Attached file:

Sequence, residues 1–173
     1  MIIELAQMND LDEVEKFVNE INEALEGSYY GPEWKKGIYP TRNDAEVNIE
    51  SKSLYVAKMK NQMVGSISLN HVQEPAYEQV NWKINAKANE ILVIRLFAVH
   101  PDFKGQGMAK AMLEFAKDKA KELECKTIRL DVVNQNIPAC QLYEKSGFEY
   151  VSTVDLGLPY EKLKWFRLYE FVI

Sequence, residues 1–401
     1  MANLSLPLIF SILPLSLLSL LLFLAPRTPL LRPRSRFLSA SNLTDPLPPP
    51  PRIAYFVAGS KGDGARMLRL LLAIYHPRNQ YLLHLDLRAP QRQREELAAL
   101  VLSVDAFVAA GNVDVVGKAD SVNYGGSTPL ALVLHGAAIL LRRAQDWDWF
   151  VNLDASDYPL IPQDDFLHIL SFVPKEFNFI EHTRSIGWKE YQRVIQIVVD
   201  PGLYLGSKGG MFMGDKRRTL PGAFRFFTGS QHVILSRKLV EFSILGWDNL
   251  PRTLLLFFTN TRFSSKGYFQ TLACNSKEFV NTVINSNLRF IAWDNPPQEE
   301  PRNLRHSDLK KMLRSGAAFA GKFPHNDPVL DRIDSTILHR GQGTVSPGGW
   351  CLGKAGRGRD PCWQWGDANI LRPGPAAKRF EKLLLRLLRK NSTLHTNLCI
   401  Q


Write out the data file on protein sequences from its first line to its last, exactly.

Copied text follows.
Sequence, residues 1–173
     1  MIIELAQMND LDEVEKFVNE INEALEGSYY GPEWKKGIYP TRNDAEVNIE
    51  SKSLYVAKMK NQMVGSISLN HVQEPAYEQV NWKINAKANE ILVIRLFAVH
   101  PDFKGQGMAK AMLEFAKDKA KELECKTIRL DVVNQNIPAC QLYEKSGFEY
   151  VSTVDLGLPY EKLKWFRLYE FVI

Sequence, residues 1–401
     1  MANLSLPLIF SILPLSLLSL LLFLAPRTPL LRPRSRFLSA SNLTDPLPPP
    51  PRIAYFVAGS KGDGARMLRL LLAIYHPRNQ YLLHLDLRAP QRQREELAAL
   101  VLSVDAFVAA GNVDVVGKAD SVNYGGSTPL ALVLHGAAIL LRRAQDWDWF
   151  VNLDASDYPL IPQDDFLHIL SFVPKEFNFI EHTRSIGWKE YQRVIQIVVD
   201  PGLYLGSKGG MFMGDKRRTL PGAFRFFTGS QHVILSRKLV EFSILGWDNL
   251  PRTLLLFFTN TRFSSKGYFQ TLACNSKEFV NTVINSNLRF IAWDNPPQEE
   301  PRNLRHSDLK KMLRSGAAFA GKFPHNDPVL DRIDSTILHR GQGTVSPGGW
   351  CLGKAGRGRD PCWQWGDANI LRPGPAAKRF EKLLLRLLRK NSTLHTNLCI
   401  Q